As A Cartoonist, I Cannot Draw Another Tragedy

People observe a minute of silence on the famed Promenade des Anglais in Nice, southern France, to honor the victims of an at
People observe a minute of silence on the famed Promenade des Anglais in Nice, southern France, to honor the victims of an attack near the area where a truck mowed through revelers, Monday, July 18, 2016. France is holding a national moment of silence for 84 people killed by a truck rampage in Nice, and thousands of people are massed on the waterfront promenade where Bastille Day celebrations became a killing field.(AP Photo/Francois Mori)

Yes, I am a press cartoonist! No, I will not draw about this topic.

I am sick of it! I've grown tired of seeing pencils that cry and flags that bleed.

When these barbarians got to Charlie, our reactions as cartoonists were, I believe, legitimate. Our colleagues and friends were cowardly killed, so we brought out our weapons, so pathetic and yet so strong. It was beautiful, spontaneous, touching...

But come on!

At a certain point, one must know when to stop, and I am not convinced that my fellow citizens -- yes I am both a press cartoonist and from Nice -- have the heart to appreciate these digital or paper mournings one more time. And I am not speaking of those who take a risk in trying to find humor in a similar situation. I have a hard time understanding the practice of producing the official logo of carnage and then seeking to pass it on in posterity while these innocents pass over to the other side.

You will tell me, it's a tribute? Yes! And it's too bad, moreover, that anyone can "honor" and even harm (the profession and the rest) to such a degree. The thinking that goes "they kill us, we make them drawings," I think that it's becoming a bit ridiculous.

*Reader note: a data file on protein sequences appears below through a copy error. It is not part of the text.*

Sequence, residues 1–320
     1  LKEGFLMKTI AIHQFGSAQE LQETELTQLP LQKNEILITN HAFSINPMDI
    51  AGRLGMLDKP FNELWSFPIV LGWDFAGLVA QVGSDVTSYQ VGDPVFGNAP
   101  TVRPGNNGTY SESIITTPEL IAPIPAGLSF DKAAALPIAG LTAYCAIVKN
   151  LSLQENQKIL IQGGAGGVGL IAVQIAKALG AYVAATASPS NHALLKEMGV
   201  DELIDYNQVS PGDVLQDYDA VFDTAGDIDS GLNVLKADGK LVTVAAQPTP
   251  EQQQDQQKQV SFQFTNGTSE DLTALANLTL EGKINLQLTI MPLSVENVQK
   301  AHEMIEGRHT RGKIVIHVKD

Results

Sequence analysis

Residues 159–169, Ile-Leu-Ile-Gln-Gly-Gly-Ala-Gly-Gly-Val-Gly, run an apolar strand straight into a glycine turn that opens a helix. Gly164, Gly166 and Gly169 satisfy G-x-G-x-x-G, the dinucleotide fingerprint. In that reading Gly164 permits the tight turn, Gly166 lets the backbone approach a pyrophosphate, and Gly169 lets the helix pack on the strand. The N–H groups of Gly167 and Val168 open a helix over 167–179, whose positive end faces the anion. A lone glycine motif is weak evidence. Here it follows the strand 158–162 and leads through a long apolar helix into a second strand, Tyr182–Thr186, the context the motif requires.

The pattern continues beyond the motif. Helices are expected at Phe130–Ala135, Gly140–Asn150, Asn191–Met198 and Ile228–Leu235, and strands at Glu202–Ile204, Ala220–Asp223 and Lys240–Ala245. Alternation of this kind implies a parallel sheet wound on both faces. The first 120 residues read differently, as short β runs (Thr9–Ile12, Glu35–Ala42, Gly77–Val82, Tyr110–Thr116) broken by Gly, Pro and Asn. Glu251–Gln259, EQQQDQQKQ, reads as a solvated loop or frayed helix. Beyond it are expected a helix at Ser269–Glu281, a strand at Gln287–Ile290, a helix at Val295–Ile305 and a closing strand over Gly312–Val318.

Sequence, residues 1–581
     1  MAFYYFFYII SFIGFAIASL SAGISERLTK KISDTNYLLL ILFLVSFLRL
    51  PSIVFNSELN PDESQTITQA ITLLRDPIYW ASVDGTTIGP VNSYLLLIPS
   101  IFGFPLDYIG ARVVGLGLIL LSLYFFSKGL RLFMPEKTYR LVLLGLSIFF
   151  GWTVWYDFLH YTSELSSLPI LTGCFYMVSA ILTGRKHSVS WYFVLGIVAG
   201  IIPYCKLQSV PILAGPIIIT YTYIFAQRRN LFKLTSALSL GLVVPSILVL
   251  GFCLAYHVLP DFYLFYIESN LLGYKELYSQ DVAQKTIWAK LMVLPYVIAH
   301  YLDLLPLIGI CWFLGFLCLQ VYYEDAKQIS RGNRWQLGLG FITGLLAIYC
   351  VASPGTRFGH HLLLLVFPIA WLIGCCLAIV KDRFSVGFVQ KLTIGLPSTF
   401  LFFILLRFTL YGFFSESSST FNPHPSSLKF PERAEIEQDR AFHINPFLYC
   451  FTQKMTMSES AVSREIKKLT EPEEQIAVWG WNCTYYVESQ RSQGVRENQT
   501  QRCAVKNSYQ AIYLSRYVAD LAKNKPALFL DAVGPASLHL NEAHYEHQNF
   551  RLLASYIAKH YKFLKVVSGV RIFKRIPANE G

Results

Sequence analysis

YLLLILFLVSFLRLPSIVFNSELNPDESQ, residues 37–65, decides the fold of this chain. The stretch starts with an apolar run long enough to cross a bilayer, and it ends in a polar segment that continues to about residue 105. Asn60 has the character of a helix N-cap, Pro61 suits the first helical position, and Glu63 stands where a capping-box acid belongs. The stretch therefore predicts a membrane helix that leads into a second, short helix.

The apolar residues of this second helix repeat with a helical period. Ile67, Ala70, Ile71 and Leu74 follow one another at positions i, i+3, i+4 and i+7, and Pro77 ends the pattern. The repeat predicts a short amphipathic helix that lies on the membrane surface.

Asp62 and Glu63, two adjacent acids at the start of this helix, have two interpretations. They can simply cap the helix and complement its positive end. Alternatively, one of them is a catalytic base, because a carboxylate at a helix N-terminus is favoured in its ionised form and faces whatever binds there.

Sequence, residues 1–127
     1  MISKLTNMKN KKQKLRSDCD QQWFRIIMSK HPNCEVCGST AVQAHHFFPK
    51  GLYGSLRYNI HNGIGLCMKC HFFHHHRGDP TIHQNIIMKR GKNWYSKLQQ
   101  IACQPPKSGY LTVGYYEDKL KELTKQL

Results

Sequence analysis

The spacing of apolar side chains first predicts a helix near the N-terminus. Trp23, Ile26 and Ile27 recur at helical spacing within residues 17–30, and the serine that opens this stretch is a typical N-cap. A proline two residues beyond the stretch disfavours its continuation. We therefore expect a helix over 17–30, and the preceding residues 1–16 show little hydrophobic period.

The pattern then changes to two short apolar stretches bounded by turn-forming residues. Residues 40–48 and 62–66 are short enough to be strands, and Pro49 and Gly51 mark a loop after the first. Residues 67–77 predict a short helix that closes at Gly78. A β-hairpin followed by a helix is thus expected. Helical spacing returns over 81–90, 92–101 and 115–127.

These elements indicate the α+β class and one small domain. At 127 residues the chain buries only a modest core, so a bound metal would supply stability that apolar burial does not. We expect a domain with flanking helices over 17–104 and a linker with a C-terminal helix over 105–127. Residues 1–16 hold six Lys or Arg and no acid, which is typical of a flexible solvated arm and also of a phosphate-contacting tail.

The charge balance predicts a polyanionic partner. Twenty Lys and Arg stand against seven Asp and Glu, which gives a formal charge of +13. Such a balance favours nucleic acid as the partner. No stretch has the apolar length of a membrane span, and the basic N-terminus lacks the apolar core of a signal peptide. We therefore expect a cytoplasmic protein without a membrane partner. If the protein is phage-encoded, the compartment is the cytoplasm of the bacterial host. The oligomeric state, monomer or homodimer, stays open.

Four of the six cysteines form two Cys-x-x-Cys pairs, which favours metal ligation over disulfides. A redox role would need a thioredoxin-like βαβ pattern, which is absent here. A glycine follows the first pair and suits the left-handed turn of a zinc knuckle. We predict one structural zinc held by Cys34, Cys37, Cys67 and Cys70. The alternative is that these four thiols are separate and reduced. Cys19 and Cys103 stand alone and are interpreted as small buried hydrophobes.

But it is hardly the most important thing, which is life or rather the lives of those that were taken, in Paris, Orlando, Brussels, Baghdad, Istanbul or Nice. For me personally those lost in Nice have another taste. The difference? Not much, but the disgusting taste stays in my mouth a little bit longer, that's all.

The feeling is uncontrollable, and very personal. Yet how to describe it? To see these images -- this carnage -- in this place that I know by heart, the ordinary for me, so synonymous with happiness, joy, and well-being.

The scene comes to me: Nice! The Avenue, the Castle, the Cours Saleya market, the Old City... It's my city! And then there's my "Promenade," my beach, my pebbles, my happy and sunny memories, my summer nights, my socca, my farcis, my motorcycle, my friends, my carefreeness, my childhood. And there you go, if I don't control myself, I'll almost go so far as to quote Dick Rivers for you.

Nice is the south, people speak a bit louder there, talk shit, laugh a little crudely. In the summer we go down to the beach in flip-flops, buying Pan Bagnat and Pissaladière. Coming back from the beach we see older people playing bocce, we all have a "pépe" who plays bocce.

Oh yeah, bocce... I love bocce.

So while we cry for the dead and everything else, powerless and still groggy, simply human, sharing the same vague feelings faced with the horror and barbarism, it seems to me that we must support each other, understand each other, united in pain and sadness.

I don't claim to be Nice, but Nice has always been a part of me and always will be...

This post first appeared on HuffPost France. It has been translated into English and edited for clarity